I’m still fascinated by these split rail fence – this fence is on Manitoulin Island in Ontario, Canada but I have also seen them along the Blue Ridge Mountain Parkway in the Eastern U.S., also a rocky land with thin soil.
This is not a photo I used in a previous post on these fences, because of the chain-link fence in the background. But for the WoollyMuse’s challenge “fences” this seemed perfect because there are three different kinds of fences in this uncropped photo.
We saw a lot of these split rail fences as we drove down lots of roads to get to destinations unknown. JB said he remembers seeing these fences as a child when he and his father visited his great uncle’s and great cousin’s farms in the Durham, Ontario area.
They were everywhere – on working farms, along the side of roads with no farms in sight, along the road with the woods creeping to overtake them. Some were fairly new and well maintained while others were in states of disrepair. And there was a variation of this split-rail fence.
I have a fascination with fences, I like their beauty but it isn’t a political issue where I believe land should be divided and fenced instead of allowing for free-range. I can’t come down on either side – but I appreciate good fences that are aesthetically pleasing and/or functional. These were functional.
As we drove and I observed the rocky fields I realized that a good portion of the island has very thin soil so it is impossible to dig post holes deep enough to keep a fence standing. Thus the people solved their problem by designing fencing that could support itself above ground. Another version of the second set of fencing is to build the triangle with two sides connected to the upright post and put large rocks on the side that lies on the ground. They used what they had – large numbers of cedar trees that are rot resistant and rocks and a little wire. I didn’t notice any duck tape or bubble gum.
My goal was to be up for the sunrise at our campsite on Manitoulin Island, on the water of Manitowaning Bay, just south of Sheguiandah. I feel the tug of the yarn that wants to unravel my story of exploring this island with multiple First Nation tribes but my topic sentence has tethered me to the early morning.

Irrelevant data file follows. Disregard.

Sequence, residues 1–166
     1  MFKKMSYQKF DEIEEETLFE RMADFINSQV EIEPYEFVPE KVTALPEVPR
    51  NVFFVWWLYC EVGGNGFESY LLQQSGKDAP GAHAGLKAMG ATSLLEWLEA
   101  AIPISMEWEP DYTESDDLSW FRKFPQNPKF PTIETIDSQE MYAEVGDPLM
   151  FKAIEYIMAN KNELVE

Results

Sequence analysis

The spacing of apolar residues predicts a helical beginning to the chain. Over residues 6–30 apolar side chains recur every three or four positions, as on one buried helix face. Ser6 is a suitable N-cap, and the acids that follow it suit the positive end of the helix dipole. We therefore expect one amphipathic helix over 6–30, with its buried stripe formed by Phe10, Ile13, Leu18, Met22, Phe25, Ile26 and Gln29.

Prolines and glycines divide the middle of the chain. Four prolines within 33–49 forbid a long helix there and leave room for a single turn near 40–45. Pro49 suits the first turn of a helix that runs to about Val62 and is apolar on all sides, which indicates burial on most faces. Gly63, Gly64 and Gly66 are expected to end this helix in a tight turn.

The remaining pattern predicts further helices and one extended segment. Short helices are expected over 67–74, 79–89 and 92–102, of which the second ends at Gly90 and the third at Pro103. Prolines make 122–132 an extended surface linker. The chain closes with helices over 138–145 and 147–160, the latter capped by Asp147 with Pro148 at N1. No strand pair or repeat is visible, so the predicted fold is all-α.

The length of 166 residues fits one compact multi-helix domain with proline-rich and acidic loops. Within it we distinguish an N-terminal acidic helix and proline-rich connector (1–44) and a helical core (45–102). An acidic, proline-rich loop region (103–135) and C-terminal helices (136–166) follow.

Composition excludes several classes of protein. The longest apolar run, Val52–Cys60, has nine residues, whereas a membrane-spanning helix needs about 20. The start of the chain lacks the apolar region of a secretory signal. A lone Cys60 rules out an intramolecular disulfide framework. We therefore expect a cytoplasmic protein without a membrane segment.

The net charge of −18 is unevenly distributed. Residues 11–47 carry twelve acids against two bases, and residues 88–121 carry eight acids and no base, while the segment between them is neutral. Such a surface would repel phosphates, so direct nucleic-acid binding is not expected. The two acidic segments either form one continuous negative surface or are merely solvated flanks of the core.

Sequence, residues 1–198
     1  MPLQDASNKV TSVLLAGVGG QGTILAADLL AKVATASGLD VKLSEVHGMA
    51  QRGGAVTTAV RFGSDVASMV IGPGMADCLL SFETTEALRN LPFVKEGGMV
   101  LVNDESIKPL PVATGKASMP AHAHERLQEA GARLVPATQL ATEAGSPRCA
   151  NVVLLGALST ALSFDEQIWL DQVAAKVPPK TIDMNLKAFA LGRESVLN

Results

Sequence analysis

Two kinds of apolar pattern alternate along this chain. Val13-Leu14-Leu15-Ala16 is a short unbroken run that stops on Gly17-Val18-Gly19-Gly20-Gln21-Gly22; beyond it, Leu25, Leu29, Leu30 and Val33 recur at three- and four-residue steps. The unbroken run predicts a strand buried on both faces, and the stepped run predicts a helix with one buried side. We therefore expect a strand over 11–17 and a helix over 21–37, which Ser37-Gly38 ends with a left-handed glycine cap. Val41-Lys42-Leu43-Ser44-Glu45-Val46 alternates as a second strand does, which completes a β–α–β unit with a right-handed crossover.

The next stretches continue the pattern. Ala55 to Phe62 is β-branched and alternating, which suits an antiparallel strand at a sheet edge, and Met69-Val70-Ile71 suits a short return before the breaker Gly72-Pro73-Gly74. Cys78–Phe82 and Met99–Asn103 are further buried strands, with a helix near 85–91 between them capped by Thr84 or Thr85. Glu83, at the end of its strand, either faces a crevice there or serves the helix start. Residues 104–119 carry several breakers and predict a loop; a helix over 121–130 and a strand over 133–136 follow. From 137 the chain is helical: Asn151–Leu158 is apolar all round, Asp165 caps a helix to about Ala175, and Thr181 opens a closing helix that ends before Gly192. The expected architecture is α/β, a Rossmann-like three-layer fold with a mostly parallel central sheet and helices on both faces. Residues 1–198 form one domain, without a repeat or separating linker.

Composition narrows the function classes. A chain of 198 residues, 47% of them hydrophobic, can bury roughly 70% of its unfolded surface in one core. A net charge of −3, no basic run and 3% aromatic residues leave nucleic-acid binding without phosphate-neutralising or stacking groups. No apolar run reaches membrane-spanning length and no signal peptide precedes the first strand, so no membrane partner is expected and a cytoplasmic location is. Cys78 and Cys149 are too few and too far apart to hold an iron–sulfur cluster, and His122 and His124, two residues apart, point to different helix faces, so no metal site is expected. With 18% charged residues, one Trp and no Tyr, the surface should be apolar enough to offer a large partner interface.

Our site is on Sunrise Beach, as named on the camp map, and the windows around our dinette overlook a small corner of water of this large bay, filled with Great Lakes’ water. I left the blind up so the early morning light would find its way to my bed to gently stroke my eyelids open. I refuse to let an alarm clock jerk me out of an interesting dream, before I am ready, now that I am living on retirement schedule.
The sunrise did awaken me – as I raised my head I could see the peachy-pink skyline. I would like to say that I jumped out of bed, but no, I just eased out a little more quickly than usual. By the time I slipped my clothes on and secured my Velcro sandals, the fickle early morning light had lifted most of the pink but I walked into a calm and gentle light.
The air was still as I stood in dewy grass, with only gentle breaths to create a small, occasional ripple on the water – but not enough to sway the rushes. The only thing that seemed to be moving was the small motor boat anchored a few feet off shore. I would take a few photos of this boat, then focus my attention slightly to the left or right. When I looked back the boat was showing me a new face. The boat was always moving but never going anywhere. It moved round about, changing direction but never moving forward, anchored to that spot in the bay.
When I became satiated on photographs, I sat and enjoyed the cool air, the warming sun, and the morning sound of fresh-water birds, along with a few gulls. In the distance I heard a loon, a smile-maker because they aren’t common where I live in Michigan. I wonder what it is about the loons’ call that plucks at our human experience and emotions. Is it a call of yearning? Maybe a call for companionship.
I was surprised by the number of water falls we found as we traveled along the eastern side of Georgian Bay in Ontario, Canada. We had endured over a week of rainy weather that had a silver lining as the water falls were swollen.
Is I felt the mighty power of the water, all I could think of was canoeing to this “gentle” fall,
only to see this just feet away.
Of course it would have been expected because the roar of the water could be heard a great distance away. I was in awe of the mighty and powerful view in front of me as we stood on the observation deck, but what my eyes were drawn to was the beauty of the simple in nature.
Is nature ever simple?